Joanna Pettet ... Mata Bond

Daliah Lavi ... The Detainer / James Bond 007

Woody Allen ... Jimmy Bond (Dr. Noah)

Deborah Kerr ... Agent Mimi / Lady Fiona McTarry

William Holden ... Ransome

Charles Boyer ... Le Grand

John Huston ... M / General McTarry

Kurt Kasznar ... Smernov

George Raft ... Himself

Jean-Paul Belmondo ... French Legionnaire (as Jean Paul Belmondo)
Terence Cooper ... Cooper / James Bond 007

Barbara Bouchet ... Moneypenny
Angela Scoular ... Buttercup
Gabriella Licudi ... Eliza
Tracey Crisp ... Heather
Elaine Taylor ... Peg

Jacqueline Bisset ... Giovanna Goodthighs (as Jacky Bisset)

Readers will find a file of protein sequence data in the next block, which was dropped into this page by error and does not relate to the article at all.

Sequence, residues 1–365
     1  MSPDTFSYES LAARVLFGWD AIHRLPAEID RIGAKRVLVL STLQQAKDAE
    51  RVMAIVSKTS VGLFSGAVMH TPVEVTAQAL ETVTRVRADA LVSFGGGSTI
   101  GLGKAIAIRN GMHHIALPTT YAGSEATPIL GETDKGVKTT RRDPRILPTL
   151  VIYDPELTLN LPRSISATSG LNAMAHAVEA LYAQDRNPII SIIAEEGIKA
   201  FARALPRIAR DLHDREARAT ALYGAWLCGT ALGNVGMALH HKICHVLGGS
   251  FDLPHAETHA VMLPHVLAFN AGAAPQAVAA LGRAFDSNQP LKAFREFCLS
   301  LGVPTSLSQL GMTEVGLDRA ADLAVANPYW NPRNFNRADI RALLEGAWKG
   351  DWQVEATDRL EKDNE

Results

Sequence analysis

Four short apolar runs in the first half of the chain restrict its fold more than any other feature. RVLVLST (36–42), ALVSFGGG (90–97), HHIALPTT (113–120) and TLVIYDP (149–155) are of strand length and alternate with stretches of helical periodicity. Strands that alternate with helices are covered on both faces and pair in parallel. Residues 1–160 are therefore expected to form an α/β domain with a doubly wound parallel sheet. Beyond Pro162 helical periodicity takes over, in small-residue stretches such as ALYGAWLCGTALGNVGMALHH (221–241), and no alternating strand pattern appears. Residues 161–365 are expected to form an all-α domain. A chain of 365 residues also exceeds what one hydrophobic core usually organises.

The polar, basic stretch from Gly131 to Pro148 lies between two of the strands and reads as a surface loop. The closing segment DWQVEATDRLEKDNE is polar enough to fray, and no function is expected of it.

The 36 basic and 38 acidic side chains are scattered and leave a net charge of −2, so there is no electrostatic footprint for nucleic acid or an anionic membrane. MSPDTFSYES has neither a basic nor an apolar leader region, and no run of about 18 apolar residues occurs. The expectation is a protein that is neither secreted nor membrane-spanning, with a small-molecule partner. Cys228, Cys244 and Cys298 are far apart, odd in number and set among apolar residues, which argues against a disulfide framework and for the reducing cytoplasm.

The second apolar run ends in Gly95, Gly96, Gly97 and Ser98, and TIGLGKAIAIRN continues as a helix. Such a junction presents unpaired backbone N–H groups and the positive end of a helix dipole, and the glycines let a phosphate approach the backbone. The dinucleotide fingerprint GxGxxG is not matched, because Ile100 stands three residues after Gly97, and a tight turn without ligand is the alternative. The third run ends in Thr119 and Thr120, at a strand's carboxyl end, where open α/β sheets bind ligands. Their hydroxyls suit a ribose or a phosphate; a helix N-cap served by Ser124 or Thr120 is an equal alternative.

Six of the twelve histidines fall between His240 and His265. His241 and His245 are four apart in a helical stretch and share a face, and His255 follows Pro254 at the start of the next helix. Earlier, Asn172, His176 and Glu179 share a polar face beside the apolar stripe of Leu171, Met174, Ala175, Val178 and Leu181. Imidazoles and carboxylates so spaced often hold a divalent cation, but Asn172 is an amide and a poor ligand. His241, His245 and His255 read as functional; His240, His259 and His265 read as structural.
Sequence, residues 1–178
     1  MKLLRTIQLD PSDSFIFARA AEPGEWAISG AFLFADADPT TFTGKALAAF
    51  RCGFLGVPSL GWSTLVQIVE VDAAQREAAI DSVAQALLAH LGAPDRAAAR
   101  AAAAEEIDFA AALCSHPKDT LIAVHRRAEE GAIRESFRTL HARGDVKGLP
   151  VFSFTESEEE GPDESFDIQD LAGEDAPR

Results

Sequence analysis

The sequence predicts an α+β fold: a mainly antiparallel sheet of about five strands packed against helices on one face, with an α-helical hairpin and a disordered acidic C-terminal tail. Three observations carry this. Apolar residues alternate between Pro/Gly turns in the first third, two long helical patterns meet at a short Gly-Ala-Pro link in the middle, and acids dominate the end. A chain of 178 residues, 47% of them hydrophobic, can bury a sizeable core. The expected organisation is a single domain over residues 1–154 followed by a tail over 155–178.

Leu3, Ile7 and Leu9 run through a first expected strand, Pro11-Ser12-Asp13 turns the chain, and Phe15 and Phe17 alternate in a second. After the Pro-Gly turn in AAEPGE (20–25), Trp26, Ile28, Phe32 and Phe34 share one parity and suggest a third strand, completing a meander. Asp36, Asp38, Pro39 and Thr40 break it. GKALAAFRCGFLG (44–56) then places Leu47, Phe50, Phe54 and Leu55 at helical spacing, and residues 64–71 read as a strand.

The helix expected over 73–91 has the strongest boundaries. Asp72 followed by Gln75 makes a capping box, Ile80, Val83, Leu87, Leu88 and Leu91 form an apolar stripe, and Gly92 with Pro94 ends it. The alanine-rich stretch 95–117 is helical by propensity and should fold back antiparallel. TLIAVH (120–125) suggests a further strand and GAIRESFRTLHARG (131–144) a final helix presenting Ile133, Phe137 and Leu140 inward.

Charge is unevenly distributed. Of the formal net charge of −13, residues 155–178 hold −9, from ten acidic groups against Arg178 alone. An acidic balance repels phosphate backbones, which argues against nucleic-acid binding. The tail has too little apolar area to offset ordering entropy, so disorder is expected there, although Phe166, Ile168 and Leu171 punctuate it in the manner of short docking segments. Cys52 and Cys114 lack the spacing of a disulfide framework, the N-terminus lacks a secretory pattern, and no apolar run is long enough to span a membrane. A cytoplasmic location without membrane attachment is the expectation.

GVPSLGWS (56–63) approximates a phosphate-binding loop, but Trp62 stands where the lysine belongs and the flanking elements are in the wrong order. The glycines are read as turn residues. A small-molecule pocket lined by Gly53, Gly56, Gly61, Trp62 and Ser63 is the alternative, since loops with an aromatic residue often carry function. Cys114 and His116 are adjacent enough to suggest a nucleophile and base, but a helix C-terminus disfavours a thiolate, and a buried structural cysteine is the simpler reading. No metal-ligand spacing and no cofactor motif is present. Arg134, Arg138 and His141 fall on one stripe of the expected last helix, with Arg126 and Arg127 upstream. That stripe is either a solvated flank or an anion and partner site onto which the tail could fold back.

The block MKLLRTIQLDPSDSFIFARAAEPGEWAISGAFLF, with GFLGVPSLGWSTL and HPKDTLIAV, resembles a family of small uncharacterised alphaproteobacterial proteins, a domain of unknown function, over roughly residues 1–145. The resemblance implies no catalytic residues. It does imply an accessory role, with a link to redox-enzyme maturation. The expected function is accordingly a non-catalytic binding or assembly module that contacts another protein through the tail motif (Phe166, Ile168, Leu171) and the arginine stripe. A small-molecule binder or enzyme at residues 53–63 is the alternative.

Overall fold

Alexandra Bastedo ... Meg

Anna Quayle ... Frau Hoffner
Derek Nimmo ... Hadley

Ronnie Corbett ... Polo
Colin Gordon ... Casino Director

Bernard Cribbins ... Taxi Driver

Tracy Reed ... Fang Leader

John Bluthal ... Casino Doorman & M.I.5. Man
Geoffrey Bayldon ... 'Q'
John Wells ... 'Q's' Assistant
Duncan Macrae ... Inspector Mathis (as Duncan MaCrae)
Graham Stark ... Cashier
Chic Murray ... Chic
Jonathan Routh ... John
Richard Wattis ... British Army Officer
Vladek Sheybal ... Le Chiffre's Auctioneer

Percy Herbert ... 1st Piper
Penny Riley ... Control Girl
Jeanne Roland ... Captain of the Guards
rest of cast listed alphabetically:
Robert Rietty ... Dubbing (voice)
Jennifer Baker ... Le Chiffre's Assistant (uncredited)
Susan Baker ... Le Chiffre's Assistant (uncredited)
R.S.M. Brittain ... Sergeant Major (uncredited)

Geraldine Chaplin ... Keystone Kop (uncredited)